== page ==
Suppose that is a random variable sampled from the standard normal distribution, where the mean equals to and the variance equals to : . Now, consider the random variable . The distribution of the random variable is an example of a chisquare distribution: The subscript 1 indicates that this particular chisquare distribution is constructed from only 1 standard normal distribution. A chisquare distribution constructed by squaring a single standard normal distribution is said to have 1 degree of freedom. Thus, as the sample size for a hypothesis test increases, the distribution of the test statistic approaches a normal distribution, and the distribution of the square of the test statistic approaches a chisquare distribution. Just as extreme values of the normal distribution have low probability (and give small pvalues), extreme values of the chisquare distribution have low probability.
An additional reason that the chisquare distribution is widely used is that it is a member of the class of likelihood ratio tests (LRT).^{[6]} LRT's have several desirable properties; in particular, LRT's commonly provide the highest power to reject the null hypothesis (Neyman–Pearson lemma). However, the normal and chisquare approximations are only valid asymptotically. For this reason, it is preferable to use the t distribution rather than the normal approximation or the chisquare approximation for a small sample size. Similarly, in analyses of contingency tables, the chisquare approximation will be poor for a small sample size, and it is preferable to use Fisher's exact test. Ramsey shows that the exact binomial test is always more powerful than the normal approximation.^{[7]}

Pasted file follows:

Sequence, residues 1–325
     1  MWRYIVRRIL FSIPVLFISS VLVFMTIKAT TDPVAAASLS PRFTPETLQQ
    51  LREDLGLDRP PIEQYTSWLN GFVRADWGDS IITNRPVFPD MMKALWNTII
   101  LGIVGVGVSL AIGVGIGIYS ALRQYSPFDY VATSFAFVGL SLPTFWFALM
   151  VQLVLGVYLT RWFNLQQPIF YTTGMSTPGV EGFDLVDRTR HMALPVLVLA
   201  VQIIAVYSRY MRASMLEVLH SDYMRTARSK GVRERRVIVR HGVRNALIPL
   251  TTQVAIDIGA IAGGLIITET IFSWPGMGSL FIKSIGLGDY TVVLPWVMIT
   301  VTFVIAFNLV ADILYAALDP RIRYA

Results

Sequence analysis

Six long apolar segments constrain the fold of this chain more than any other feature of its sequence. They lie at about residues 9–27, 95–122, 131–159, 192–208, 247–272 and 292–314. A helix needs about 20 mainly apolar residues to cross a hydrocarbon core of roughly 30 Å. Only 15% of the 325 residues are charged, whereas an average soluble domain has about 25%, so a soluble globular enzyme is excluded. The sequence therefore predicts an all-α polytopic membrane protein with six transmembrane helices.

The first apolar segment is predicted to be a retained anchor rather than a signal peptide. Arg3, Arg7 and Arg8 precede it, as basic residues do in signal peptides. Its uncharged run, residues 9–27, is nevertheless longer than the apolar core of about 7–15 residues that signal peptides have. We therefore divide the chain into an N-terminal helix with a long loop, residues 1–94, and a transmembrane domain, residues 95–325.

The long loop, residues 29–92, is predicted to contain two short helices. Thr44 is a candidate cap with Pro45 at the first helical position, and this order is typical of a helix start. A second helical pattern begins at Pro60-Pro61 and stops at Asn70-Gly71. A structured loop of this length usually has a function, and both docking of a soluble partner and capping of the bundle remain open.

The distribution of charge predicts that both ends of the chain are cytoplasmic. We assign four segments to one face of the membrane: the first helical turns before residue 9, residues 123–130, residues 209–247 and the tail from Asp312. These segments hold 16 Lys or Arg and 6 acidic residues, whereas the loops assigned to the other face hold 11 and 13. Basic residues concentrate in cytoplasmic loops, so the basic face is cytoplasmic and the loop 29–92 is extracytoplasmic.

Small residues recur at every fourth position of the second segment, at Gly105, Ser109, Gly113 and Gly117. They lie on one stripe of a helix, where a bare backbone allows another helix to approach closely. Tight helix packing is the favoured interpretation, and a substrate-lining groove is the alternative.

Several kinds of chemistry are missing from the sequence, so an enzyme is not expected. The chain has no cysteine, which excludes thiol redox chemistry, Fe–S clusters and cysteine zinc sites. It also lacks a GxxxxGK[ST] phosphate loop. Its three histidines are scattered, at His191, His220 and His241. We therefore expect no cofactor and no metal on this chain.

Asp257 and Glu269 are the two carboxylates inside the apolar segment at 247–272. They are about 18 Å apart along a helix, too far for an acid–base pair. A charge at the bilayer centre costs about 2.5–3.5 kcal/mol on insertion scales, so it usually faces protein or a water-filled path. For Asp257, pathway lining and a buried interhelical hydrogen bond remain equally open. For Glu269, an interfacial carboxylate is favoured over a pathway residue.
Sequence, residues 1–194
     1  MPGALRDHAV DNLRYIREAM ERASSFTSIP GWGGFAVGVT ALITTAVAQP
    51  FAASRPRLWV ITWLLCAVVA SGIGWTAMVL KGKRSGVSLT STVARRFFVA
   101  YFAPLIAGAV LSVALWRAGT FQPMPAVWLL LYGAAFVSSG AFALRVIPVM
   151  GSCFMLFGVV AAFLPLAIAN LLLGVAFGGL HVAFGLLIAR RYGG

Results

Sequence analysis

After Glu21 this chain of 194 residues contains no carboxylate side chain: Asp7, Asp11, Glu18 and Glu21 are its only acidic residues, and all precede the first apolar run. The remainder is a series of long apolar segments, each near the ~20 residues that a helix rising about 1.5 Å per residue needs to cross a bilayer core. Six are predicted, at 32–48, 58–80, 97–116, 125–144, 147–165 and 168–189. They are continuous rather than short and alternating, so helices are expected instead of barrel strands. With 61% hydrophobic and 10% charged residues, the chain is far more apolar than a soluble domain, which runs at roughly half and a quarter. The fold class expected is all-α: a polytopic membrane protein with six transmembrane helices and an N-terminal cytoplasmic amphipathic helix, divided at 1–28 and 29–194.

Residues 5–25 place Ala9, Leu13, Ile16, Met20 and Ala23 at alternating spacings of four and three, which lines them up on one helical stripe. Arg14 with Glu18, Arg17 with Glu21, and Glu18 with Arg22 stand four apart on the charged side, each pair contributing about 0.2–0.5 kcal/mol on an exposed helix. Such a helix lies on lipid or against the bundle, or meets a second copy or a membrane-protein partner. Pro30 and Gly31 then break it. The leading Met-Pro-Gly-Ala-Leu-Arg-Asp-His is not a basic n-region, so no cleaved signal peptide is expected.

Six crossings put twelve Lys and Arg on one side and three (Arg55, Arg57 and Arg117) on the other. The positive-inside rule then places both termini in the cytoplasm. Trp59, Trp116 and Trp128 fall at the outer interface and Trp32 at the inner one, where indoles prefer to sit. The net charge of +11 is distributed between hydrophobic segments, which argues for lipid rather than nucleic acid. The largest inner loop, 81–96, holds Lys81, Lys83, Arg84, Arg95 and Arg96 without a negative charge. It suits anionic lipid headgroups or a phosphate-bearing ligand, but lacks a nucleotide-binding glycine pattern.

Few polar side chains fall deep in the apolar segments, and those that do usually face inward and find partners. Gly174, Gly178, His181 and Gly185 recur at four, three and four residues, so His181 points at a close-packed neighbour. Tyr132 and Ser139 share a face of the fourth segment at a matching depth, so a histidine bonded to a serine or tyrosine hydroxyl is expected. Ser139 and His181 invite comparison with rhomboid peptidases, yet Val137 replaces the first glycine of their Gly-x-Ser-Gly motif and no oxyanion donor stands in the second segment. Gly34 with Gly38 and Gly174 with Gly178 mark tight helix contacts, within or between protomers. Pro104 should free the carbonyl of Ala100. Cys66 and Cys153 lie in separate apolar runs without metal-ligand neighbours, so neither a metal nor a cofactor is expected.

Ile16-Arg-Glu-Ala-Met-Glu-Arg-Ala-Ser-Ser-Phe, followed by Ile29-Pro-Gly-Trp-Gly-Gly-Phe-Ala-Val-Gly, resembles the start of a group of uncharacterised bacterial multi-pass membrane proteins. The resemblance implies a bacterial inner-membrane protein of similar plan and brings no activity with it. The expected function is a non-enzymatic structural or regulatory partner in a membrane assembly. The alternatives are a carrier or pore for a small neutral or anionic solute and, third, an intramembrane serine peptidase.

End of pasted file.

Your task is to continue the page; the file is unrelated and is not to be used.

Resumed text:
Lancaster shows the connections among the binomial, normal, and chisquare distributions, as follows.^{[8]} De Moivre and Laplace established that a binomial distribution could be approximated by a normal distribution. Specifically they showed the asymptotic normality of the random variable
where is the observed number of successes in trials, where the probability of success is , and .